Country of residence
Economics of Innovation
Research & Institution
École Polytechnique de Montréal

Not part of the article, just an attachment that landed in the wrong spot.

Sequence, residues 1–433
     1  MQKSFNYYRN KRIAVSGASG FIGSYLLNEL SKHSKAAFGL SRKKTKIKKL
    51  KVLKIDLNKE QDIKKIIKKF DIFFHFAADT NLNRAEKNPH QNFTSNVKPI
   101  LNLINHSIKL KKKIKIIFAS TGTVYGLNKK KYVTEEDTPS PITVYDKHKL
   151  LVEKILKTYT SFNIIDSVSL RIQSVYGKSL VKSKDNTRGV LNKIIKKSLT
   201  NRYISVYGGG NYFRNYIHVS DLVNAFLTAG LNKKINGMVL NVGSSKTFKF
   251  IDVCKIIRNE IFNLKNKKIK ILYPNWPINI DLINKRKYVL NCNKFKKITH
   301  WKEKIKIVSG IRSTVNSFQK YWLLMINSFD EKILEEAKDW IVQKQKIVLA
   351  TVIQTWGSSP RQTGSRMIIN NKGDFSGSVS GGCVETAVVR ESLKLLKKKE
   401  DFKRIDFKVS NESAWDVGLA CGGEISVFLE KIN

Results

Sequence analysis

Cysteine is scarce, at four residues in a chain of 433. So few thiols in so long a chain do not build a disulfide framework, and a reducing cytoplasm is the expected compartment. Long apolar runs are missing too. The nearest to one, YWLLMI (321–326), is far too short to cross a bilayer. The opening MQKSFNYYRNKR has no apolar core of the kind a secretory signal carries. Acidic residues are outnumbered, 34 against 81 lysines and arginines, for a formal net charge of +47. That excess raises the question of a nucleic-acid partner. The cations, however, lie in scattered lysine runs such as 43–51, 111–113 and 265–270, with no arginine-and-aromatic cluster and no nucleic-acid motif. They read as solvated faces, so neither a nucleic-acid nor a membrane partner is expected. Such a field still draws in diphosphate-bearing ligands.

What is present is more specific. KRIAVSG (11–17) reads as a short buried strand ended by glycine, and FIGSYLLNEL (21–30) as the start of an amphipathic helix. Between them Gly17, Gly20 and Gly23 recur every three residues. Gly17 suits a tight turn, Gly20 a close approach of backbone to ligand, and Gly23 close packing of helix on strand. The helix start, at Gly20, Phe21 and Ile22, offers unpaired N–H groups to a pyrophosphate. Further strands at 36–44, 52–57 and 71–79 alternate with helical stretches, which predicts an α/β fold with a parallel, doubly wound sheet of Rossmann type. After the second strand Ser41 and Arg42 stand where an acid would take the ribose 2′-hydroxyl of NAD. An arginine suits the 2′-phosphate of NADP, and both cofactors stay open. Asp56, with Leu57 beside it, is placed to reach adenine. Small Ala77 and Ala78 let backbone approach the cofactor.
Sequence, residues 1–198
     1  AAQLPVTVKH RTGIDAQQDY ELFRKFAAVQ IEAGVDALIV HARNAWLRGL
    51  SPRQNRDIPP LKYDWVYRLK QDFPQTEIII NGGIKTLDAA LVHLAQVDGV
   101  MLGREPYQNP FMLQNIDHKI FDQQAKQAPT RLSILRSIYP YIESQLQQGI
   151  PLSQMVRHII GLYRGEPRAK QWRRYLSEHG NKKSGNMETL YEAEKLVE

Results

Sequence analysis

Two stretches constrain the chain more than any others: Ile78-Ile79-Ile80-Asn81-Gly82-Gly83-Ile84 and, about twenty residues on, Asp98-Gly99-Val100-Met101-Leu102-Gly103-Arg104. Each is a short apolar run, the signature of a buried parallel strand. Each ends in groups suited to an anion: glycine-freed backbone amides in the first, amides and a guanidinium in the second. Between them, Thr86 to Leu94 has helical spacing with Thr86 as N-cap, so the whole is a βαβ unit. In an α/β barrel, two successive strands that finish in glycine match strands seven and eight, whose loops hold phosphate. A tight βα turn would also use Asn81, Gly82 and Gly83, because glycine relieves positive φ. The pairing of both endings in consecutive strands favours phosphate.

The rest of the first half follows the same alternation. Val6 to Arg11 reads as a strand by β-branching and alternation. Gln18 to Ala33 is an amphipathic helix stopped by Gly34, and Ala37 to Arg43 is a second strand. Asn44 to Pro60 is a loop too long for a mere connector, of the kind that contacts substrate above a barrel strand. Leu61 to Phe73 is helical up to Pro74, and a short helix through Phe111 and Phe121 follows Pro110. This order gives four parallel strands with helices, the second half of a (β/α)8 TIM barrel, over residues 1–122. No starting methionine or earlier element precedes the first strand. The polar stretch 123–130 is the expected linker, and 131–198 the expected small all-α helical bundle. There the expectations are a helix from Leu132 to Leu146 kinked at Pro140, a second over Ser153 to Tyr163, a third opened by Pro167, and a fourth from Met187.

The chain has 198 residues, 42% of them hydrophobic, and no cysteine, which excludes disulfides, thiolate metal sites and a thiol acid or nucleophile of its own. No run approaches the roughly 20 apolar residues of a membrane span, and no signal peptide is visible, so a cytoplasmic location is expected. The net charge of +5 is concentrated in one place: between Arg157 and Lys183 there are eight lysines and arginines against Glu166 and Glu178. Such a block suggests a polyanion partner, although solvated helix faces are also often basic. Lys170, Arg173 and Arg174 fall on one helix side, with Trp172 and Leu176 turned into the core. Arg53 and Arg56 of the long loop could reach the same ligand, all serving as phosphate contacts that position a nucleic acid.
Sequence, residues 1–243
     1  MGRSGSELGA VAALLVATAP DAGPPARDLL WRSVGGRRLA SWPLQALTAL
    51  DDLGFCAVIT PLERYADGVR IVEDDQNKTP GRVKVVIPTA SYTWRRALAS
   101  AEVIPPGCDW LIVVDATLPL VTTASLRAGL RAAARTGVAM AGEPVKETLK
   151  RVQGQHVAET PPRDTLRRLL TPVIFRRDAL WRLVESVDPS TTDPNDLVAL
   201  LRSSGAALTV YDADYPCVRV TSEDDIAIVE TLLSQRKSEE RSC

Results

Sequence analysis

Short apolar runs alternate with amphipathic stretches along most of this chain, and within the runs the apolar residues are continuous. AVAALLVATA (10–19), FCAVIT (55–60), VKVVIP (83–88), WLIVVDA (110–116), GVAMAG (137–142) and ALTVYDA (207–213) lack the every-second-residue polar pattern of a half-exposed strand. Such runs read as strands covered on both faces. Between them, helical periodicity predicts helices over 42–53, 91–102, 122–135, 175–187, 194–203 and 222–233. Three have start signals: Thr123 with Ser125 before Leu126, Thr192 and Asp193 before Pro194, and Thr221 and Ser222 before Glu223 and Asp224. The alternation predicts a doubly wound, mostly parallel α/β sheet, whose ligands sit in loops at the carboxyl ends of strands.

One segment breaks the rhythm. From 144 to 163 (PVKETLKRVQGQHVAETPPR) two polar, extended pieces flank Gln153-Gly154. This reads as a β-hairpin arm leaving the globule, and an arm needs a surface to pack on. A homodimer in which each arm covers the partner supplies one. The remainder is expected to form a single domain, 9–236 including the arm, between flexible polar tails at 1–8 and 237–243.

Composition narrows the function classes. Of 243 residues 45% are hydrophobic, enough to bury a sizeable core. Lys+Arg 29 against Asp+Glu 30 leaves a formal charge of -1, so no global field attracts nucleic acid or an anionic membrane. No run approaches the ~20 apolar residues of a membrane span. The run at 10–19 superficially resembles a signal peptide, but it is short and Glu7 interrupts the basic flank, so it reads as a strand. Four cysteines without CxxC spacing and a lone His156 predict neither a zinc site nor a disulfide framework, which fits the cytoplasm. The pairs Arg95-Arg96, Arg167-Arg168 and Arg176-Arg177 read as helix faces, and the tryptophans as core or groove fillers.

Catherine Beaudry, Rhodes Scholar, has a Ph.D. in economics from the University of Oxford where she also obtained an M.Phil. in economics. From her first degree in electrical engineering specialised in satellite technology and her participation at the summer session of the International Space University, she has kept a strong interest on technology, science and innovation. She is an associate professor at the Mathematics and Industrial Engineering Department of École Polytechnique de Montréal. She is also an adjunct professor at Université du Québec à Montréal (UQAM), a member of the Centre for interuniversity research on science and technology (CIRST) and a researcher at the Centre for interuniversity research and analysis of organization (CIRANO). Before moving to Montreal, she was a postdoctoral fellow followed by a Leverhulme Research Fellow at Manchester Business School where she worked on clusters. She is a principal investigator on a number of grants and is responsible for the Governance group of the Nanotechnology Ethical, Environmental, Economic, Legal and Social (NE3LS) Network in Quebec.Her main research interests are the analysis of innovation networks, collaboration, partnerships and alliances, industrial clusters, innovative firm performance and survival. As such, she is interested in the interaction between the geographical space (i.e. clusters and regional systems of innovation) surrounding firms, scientists and inventors and the technological space (i.e. networks) within which firms, scientists and inventors find collaborators. Her current research focuses on the impact of university funded research in biotechnology and nanotechnology as well as on the mapping of knowledge proximity within nanomedicine and nanobiotechnology. In addition, she has recently worked on knowledge-intensive business services (KIBS) firms, and is in the process of developing a research program with the Canadian Space Agency on the measurement of outcomes and impacts of space research.